|Sidney Patrick (as drawn by Jim Smith)|
Many COH believe that the needs and experiences of the families of hoarders are inadequately recognized by professionals (a topic for another day). Sidney wanted to convey that perspective in her HuffPost Live appearance, especially since one of the other guests was Professor Randy O. Frost, arguably the most influential academic in the field of hoarding. At Sidney's request, I tried to identify a few key points that she might raise during the segment. The points are included below.
Sid did a spectacular job on the show. Tragically, she passed away at far too young of an age just a few weeks later. She is profoundly missed.
Talking Points for Children of Hoarders
As general awareness of hoarders and hoarding increases, the impact of hoarding on individuals beyond the hoarder is slowly becoming recognized.
For several years, children of hoarders (COH) have been comparing notes and sharing perspectives in a range of forums and formats, and a few recurring themes seem particularly important, at least in my opinion. I've tried to collect a few of these themes below. Perhaps they might serve as useful "talking points" for children of hoarders who find themselves being interviewed by media or who simply want to convey to friends and associates the seriousness of hoarding's impact on families.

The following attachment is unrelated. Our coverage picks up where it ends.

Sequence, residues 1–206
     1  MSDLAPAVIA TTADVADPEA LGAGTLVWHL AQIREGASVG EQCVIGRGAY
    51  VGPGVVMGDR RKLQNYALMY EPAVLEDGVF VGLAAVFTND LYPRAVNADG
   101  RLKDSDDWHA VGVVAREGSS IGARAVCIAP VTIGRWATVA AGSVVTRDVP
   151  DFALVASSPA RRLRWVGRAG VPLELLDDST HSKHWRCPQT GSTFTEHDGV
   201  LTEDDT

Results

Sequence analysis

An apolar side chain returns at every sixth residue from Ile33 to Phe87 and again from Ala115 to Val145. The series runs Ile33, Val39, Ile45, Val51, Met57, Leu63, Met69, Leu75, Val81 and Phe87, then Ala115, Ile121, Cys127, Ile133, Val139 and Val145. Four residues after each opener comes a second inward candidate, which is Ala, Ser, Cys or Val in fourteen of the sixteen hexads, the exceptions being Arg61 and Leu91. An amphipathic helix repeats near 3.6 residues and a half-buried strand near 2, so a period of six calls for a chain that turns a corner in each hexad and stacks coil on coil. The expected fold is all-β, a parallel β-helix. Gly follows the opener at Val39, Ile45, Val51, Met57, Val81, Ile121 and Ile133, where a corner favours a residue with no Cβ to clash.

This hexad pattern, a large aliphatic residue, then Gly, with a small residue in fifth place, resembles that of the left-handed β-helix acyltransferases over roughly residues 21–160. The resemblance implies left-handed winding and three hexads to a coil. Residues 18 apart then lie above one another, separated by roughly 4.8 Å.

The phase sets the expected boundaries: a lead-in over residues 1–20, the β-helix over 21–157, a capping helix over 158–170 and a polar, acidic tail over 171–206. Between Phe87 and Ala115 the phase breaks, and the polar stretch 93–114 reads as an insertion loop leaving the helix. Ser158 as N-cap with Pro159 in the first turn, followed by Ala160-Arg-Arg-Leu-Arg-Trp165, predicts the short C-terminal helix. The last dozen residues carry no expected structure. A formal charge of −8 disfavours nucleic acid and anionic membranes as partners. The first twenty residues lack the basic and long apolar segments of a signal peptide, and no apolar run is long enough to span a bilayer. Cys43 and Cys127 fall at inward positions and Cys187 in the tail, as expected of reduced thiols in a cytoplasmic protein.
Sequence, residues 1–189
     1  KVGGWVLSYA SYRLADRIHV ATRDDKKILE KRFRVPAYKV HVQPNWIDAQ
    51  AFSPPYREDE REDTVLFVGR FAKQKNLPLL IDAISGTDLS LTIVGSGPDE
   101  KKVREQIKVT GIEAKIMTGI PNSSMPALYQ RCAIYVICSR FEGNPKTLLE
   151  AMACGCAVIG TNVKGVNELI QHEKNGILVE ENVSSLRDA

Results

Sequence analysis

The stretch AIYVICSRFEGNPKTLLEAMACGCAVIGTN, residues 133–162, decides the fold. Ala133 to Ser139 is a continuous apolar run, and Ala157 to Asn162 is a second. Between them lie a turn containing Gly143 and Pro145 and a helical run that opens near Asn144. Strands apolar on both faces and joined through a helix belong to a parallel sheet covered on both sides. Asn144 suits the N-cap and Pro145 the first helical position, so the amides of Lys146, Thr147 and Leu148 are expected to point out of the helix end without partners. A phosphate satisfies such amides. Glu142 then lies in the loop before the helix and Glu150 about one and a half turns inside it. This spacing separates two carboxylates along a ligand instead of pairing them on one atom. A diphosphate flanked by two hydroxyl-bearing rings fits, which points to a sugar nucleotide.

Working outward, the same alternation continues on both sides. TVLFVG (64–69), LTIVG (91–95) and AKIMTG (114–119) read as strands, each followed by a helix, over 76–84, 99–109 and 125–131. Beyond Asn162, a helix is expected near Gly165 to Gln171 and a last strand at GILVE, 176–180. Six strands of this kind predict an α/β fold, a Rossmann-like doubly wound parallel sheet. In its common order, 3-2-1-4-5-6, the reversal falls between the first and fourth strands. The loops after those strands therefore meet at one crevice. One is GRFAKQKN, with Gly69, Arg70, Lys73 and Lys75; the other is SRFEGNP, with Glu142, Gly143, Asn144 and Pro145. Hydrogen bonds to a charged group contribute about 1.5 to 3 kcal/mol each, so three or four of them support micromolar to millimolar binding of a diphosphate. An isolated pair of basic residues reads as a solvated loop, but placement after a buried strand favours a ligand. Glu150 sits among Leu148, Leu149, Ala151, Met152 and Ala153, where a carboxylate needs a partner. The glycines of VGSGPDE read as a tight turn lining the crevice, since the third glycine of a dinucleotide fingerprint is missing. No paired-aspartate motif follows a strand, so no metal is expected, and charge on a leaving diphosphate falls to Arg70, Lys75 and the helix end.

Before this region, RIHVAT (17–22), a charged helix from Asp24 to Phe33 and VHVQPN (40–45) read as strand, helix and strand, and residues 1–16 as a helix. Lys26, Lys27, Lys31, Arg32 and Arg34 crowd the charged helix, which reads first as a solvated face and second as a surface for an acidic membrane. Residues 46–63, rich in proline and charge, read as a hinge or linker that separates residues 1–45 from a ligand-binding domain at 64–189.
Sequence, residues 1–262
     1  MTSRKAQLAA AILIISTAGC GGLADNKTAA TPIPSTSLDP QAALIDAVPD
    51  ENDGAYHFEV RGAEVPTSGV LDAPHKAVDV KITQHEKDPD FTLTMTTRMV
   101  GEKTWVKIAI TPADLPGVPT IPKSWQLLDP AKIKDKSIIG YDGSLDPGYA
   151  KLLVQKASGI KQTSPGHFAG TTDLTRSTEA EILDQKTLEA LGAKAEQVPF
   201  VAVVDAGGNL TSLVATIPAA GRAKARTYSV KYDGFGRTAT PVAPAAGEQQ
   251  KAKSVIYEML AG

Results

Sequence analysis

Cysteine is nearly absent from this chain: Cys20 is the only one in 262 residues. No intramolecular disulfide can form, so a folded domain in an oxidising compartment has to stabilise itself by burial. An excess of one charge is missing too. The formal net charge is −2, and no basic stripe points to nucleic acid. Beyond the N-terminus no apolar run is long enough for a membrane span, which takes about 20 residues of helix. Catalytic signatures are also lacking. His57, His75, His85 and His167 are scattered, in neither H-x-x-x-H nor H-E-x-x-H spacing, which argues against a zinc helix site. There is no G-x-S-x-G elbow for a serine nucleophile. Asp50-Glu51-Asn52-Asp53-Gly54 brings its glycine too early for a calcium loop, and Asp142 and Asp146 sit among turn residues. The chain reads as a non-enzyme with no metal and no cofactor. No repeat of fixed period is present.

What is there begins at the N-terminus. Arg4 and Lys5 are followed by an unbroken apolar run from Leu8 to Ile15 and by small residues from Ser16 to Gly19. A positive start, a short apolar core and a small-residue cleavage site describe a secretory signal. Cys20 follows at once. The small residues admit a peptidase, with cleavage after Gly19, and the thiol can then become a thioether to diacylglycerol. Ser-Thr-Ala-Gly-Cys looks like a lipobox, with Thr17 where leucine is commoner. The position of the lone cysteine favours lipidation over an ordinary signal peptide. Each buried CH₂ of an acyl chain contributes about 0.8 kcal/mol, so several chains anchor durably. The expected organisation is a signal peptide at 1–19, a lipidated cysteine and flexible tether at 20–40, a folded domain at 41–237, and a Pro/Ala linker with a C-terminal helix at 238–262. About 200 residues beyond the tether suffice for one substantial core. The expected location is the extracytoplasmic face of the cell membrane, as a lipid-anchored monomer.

Please feel free to use them, to critique them, or to add to them as you see fit. (If you have additional thoughts about these points, I'd love for you to share your feedback in the comments section at the end of the post. These points already have been improved immeasurably by the input of members of the Children of Hoarders Yahoo! Group.)
COH Talking Points
- Many children of hoarders grow up under conditions of serious neglect, isolation, and abuse.
- The impact of growing up in a hoarding environment can last for years—even decades—after a COH moves out of the childhood home.
- While hoarding appears most dramatically to be about "stuff", to a child of a hoarder, it's really about relationships, family dynamics, shame, and self-worth: many children of hoarders have been conditioned—consciously or otherwise—to believe that they are less important than things.
- As victims of serious, long term neglect or other types of abuse, many COH will require—and benefit from—equally serious support and counseling. Their needs are as important as the needs of the hoarders.
- Children of hoarders seeking support should visit ChildrenOfHoarders.com for more information, and healthcare professionals should read Dr. Suzanne Chabaud's article in Psychiatric Times, "The Hidden Lives of Children of Hoarders".
In memory of Sidney Patrick.